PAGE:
The movie is a bit “old” now and it seems that most of the shots are from the 1980s, but it’s a great film – really a joy to watch and I highly recommend it .

There are many clips from Baraka on YouTube, but really, check out the DVD (or Blue-ray disc if you’re lucky enough to have a player) and try to watch it on a big screen with good audio as its meant to be watched.

As I mentioned, many scenes from Japan found their way into Baraka, including capsule hotels, monks, crowded trains, factory workers, and temples and Japanese rock gardens to name a few. Having lived in Japan for so long it was fun seeing Japan from an “exotic” perspective again.

This YouTube clip is from one of the many excellent scenes in Baraka. You’ll notice that Japanese Butoh dancing makes an appearance as well.

Some Japan scenes are in this next video at about 8:35 – even has a guy on a platform wiping his sweat… fascinating.


– Harvey

Japan as Number One

One of my professors mentioned as an aside in class today that the best selling non-Japanese language non-fiction book in Japan to this day (though, this needs to be verified, he said) is Japan As Number 1 – Lessons For America

Released in 1979, around the period when “Japan Bashing” in the 1980s would become popular due to Japan’s huge trade surpluses with the United States, Japan As Number 1 – Lessons For America
discusses the expectation that Japan would one day overtake the United States as the worlds most productive society.

I have never read this book, but it’s been added to my to-do list.

Have any of the other Japan-heads out there read this book? What did you think?

– Harvey

Laughing in Japanese

There are many ways to describe laughter in Japanese.

笑う (warau) is to main verb “to laugh”. It can also mean to smile, depending on the context.

There are many more phrases to express laughter or smiling in Japanese, and many use the same 笑 Kanji character.

Note that not all of these phrases are used in everyday conversation in Japan. I found most of these phrases in famous Japanese literature, but in pieces that were written at least 40 years ago.

Most of the vocabulary here I came cross while reading 走れメロス (hashire merosu) by Dazai Osamu. Which, by the way, is an extremely cool story. If you read Japanese from time to time, slug through it, it’s worth it!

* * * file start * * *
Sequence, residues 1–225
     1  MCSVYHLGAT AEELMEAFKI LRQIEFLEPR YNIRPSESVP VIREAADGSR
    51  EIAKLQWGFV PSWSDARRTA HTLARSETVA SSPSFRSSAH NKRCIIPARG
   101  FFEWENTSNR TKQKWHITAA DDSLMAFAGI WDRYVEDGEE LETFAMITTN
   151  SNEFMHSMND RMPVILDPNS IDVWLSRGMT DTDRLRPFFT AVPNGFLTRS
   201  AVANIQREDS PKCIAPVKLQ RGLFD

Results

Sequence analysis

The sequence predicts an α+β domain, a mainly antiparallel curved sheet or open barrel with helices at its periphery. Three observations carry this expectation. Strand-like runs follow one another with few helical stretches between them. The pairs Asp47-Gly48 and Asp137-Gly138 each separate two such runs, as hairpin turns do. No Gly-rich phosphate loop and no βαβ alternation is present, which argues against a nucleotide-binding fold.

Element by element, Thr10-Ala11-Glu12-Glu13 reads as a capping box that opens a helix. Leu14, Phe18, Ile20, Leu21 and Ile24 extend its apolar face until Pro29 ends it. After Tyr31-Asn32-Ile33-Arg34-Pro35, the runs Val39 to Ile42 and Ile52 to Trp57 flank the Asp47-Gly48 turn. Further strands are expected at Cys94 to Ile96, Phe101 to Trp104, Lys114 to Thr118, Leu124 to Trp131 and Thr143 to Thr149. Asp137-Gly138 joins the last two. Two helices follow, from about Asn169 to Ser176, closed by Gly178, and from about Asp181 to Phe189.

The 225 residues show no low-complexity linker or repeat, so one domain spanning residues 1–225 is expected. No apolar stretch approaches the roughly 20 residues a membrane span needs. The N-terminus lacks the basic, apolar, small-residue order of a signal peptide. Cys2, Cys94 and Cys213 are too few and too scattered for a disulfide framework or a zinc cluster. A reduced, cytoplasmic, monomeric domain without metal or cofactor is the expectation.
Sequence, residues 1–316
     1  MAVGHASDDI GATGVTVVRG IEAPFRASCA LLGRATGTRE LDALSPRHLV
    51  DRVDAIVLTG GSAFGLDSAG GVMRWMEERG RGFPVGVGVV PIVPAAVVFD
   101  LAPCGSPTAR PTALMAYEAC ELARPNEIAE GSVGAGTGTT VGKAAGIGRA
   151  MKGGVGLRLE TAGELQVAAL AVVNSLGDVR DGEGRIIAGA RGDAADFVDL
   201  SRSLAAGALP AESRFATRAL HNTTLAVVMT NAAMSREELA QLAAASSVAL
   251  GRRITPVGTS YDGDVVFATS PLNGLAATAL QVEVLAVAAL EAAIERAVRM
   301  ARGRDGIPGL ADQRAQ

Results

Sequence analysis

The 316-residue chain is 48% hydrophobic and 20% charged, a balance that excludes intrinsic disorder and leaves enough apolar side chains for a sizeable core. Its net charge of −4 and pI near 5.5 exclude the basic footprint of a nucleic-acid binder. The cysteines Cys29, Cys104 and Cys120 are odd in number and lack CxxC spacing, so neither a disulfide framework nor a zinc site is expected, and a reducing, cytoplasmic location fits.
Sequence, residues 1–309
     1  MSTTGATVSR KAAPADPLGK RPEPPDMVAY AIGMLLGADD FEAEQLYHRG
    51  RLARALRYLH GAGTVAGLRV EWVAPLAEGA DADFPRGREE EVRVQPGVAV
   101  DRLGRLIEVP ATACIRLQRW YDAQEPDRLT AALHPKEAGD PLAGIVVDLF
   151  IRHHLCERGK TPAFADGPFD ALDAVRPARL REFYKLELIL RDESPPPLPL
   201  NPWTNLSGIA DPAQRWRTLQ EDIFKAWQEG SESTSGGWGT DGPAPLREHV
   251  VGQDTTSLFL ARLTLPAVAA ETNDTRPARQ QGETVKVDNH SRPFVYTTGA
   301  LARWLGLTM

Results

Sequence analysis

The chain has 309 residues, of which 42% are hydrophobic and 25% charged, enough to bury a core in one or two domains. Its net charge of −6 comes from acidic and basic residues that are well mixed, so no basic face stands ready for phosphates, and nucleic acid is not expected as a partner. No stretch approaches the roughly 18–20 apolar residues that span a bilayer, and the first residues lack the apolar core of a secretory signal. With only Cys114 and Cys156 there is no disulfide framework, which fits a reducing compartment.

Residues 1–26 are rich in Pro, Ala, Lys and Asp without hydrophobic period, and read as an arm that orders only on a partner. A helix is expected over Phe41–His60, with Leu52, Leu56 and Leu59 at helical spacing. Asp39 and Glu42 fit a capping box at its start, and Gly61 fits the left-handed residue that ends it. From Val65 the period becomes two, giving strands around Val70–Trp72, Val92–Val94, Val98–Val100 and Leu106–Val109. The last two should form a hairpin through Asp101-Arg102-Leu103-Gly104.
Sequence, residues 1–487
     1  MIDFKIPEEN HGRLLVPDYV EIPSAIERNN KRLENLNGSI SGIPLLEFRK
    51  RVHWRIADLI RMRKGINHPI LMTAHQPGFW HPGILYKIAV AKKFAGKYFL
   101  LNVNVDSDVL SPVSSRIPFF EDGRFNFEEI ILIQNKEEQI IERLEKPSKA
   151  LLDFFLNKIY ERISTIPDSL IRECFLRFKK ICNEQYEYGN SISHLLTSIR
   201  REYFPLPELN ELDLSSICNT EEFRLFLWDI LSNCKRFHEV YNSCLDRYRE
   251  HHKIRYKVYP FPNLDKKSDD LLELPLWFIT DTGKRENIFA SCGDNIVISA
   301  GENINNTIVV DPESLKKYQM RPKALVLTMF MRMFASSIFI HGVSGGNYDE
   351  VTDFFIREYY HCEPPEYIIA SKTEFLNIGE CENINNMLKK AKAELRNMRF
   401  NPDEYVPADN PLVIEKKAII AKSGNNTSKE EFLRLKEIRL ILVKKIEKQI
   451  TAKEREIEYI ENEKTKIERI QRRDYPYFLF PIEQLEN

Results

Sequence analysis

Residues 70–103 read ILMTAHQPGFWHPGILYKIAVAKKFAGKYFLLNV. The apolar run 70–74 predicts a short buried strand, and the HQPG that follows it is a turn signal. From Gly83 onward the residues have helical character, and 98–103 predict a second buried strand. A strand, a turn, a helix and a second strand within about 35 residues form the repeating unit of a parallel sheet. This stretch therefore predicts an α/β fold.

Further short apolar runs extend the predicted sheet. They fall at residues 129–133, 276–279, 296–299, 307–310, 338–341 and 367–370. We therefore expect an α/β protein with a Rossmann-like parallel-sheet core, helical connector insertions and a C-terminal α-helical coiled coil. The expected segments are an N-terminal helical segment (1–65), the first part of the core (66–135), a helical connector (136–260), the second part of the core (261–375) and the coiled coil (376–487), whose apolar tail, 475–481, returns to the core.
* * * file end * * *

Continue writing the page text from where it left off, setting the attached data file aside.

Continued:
Laughing in Japanese:

思い出し笑い (omoidashiwarai) smile reminiscently (to laugh or smile to yourself about a memory)

憫笑 (binshou) to smile with pity

嘲笑 (choushou) a scornful laugh

ほくそ笑む (hokusoemu) to chuckle to onseself

せせら笑い (seserawarai) mocking sneer

 (nakiwarai) a tearful smile; half laughing, half sobbing

微笑 (bishou) a slight smile

にやにや笑う (niyaniya warau) to smirk; to smile ironically

せせら笑う (sesera warau) to laugh mockingly

腹を抱えて笑う (hara wo kakaete warau) one’s sides shake with laughter; to be convulsed with laughter; split a gut.

膝が笑う (hiza ga warau) literally, “knees are laughing”. But this actually has nothing to do with laughter. It is when your legs get tired from walking or running to much and your legs start to wobble and give out.

Also, around the internet you might see (笑) or www used as we use “lol” in English netspeak.

Have a happy day!

– Harvey

Textbooks for learning and teaching Japanese

Genki Textbook

Genki Textbook

My wife is thinking about trying to teach Japanese to people in the neighborhood as a side-business. She knows Japanese, of course, but has never taught it, so now she has to “study” Japanese in order to build up a lesson plan.

Luckily with the excellent textbooks available for Japanese learning this isn’t going to be too tough to figure out.

The Genki Textbook series alone has enough information available for both the student and teacher. Genki is still on top in terms of best texts for beginners learning Japanese. Highly recommended.

Genki 1 Textbook: An Integrated Course in Elementary Japanese

Genki 1 Workbook

Genki 1 Student CD

Genki 1 Student Cd

And last but not least…

The Genki Teacher’s Manual

This is what my wife will need to in order to start teaching. In order to get any use out of this book you need to be able to read Japanese fairly fluently. Technically I could probably teach beginners Japanese myself… Something about not being a native speaker though that just doesn’t sit right with me there though.

New year, a new challenge! Did anyone make a new year’s resolution to study Japanese more seriously this year?

Good luck to all.

– Harvey